Heavier media work is where this system starts to stand out. The 2-in-1 took 10 minutes and 5 seconds to export our 5-minute, 33-second 4K video in Adobe Premiere Pro. That’s 38 seconds faster than the regular XPS 13 — effectively comparable. Both systems are faster than any 10th Gen Ice Lake laptop with integrated graphics, and they beat the Asus ZenBook 14 with the same processor (which took 11 and a half minutes). They also both lose out to the Arm-powered MacBook Air (which doesn’t even have a fan) and MacBook Pro, which finished the job in 8:15 and 7:39, respectively.
Where the 2-in-1 really differentiates itself from the clamshell, though, is gaming performance. You can actually play a fair number of games on this laptop without needing to bump the resolution down. The 2-in-1 smoked the clamshell on Rocket League’s maximum settings (an average of 120fps, to the clamshell’s 111fps) and League of Legends (226fps to the clamshell’s 205fps). You’ll only see 60fps on either XPS 13 since that’s the maximum their screens can display, but those results show how much higher Dell has clocked the 2-in-1 over the standard XPS.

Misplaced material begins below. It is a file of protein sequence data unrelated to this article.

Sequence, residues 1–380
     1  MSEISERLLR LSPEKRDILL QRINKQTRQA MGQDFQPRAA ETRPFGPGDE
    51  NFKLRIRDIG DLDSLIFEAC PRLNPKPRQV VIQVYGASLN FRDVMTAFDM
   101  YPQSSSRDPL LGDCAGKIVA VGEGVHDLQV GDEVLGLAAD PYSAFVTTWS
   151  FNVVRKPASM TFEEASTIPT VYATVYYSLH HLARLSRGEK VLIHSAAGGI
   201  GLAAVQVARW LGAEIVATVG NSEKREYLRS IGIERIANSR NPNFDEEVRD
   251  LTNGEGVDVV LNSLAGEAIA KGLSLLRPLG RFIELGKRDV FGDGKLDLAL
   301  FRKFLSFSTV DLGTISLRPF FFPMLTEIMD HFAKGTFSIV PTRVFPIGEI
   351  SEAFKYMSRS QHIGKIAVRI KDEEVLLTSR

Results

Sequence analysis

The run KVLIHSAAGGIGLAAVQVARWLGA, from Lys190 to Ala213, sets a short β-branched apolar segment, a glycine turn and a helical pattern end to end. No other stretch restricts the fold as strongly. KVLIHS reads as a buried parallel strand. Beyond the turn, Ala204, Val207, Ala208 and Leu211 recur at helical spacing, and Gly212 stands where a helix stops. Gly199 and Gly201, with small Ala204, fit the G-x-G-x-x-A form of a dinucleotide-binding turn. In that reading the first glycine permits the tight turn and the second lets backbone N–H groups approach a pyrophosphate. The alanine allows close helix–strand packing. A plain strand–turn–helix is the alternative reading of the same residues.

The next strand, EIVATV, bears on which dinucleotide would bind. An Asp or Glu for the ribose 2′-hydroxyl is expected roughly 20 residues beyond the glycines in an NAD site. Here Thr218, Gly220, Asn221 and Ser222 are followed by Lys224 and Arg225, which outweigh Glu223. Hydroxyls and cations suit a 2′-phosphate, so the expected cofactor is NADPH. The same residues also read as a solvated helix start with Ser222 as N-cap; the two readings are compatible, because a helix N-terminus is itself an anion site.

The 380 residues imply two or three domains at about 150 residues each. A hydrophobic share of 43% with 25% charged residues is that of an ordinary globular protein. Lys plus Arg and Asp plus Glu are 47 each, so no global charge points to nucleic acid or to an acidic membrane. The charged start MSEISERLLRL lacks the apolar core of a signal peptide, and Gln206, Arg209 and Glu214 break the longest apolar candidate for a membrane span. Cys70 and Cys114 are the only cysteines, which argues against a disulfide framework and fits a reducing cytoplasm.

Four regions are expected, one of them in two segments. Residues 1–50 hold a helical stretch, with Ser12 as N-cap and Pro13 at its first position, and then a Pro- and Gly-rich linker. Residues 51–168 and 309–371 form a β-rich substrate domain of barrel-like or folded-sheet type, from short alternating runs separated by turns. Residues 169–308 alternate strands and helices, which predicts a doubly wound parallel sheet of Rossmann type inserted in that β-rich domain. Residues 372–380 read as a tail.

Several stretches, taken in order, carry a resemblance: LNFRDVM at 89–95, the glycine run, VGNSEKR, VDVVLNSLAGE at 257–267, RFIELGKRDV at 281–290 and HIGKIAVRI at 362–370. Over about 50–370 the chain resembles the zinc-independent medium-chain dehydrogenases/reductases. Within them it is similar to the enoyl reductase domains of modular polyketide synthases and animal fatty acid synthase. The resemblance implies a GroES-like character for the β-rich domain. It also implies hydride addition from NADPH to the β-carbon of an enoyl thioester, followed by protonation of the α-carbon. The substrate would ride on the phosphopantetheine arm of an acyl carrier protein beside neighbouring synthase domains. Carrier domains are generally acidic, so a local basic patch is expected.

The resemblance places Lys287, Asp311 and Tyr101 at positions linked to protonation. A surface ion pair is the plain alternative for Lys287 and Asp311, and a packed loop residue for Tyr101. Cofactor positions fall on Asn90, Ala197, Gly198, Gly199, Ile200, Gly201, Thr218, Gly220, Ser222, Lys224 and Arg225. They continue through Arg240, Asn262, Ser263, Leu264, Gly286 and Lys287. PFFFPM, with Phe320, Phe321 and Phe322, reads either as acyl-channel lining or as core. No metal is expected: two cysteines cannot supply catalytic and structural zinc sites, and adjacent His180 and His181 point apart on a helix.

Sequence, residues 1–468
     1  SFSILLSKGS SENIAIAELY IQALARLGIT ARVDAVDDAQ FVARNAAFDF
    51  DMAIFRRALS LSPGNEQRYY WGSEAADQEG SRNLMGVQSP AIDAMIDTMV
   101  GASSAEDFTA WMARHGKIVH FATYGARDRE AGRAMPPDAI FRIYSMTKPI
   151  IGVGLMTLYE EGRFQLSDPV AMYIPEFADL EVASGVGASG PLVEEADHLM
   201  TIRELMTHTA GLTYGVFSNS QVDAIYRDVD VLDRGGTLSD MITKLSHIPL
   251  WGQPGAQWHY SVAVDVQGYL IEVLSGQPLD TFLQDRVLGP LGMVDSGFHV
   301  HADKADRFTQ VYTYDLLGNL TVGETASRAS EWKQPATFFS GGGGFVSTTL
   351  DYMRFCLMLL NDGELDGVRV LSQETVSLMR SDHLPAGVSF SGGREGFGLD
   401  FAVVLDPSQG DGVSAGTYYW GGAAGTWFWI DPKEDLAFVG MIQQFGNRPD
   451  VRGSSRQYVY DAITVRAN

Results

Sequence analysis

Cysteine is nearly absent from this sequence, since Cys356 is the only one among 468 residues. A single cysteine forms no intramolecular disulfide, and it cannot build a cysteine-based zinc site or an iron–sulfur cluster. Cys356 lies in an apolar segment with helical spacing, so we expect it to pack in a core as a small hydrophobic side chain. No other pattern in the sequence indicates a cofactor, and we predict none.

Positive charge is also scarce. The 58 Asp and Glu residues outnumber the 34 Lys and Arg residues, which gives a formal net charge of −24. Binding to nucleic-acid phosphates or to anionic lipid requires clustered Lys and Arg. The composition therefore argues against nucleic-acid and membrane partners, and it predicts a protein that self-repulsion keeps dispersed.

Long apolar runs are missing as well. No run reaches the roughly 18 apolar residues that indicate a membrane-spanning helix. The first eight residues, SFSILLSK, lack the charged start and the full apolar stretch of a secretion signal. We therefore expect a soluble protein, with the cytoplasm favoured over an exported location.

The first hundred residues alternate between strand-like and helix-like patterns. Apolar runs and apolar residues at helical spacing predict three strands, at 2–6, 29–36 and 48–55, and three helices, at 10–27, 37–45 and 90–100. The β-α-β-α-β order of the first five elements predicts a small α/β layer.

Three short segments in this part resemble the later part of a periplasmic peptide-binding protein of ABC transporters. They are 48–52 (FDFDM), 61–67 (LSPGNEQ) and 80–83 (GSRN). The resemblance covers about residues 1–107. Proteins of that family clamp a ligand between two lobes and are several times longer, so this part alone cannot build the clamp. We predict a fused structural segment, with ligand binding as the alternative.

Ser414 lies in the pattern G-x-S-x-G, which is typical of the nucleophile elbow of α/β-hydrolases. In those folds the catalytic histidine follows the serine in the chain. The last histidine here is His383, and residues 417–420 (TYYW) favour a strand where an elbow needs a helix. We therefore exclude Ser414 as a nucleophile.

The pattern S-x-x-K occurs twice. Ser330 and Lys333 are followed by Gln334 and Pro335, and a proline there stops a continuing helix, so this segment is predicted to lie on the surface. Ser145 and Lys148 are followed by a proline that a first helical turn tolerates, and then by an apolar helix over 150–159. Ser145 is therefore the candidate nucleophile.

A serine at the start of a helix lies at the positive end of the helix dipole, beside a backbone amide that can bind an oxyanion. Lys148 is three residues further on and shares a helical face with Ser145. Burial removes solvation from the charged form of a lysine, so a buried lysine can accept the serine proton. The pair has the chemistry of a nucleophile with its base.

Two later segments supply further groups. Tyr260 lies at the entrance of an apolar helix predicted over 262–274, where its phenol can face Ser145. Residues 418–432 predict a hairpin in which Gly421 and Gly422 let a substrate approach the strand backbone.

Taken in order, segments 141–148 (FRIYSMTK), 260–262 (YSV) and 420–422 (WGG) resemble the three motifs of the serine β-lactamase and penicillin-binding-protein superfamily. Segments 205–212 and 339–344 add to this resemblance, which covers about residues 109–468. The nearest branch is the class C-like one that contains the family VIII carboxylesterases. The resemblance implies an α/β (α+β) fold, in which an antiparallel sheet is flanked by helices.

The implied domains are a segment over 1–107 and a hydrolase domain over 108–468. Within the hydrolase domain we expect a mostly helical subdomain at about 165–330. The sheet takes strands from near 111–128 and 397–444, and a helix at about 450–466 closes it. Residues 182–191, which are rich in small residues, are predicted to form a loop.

The 2-in-1 is putting up such impressive numbers that there are actually games where you’ll see better performance than you will on the clamshell. It breezed through Overwatch’s Ultra settings, averaging 71fps. That beats the standard XPS 13, which averaged 48fps on the same preset — a difference you’ll notice in gameplay. It also beats Lenovo’s IdeaPad Slim 7 with AMD’s eight-core Ryzen 7 4800U, which put up 46fps and actually isn’t too far off a system I tested with the most powerful Tiger Lake processor (the Core i7-1185G7) which averaged 89fps.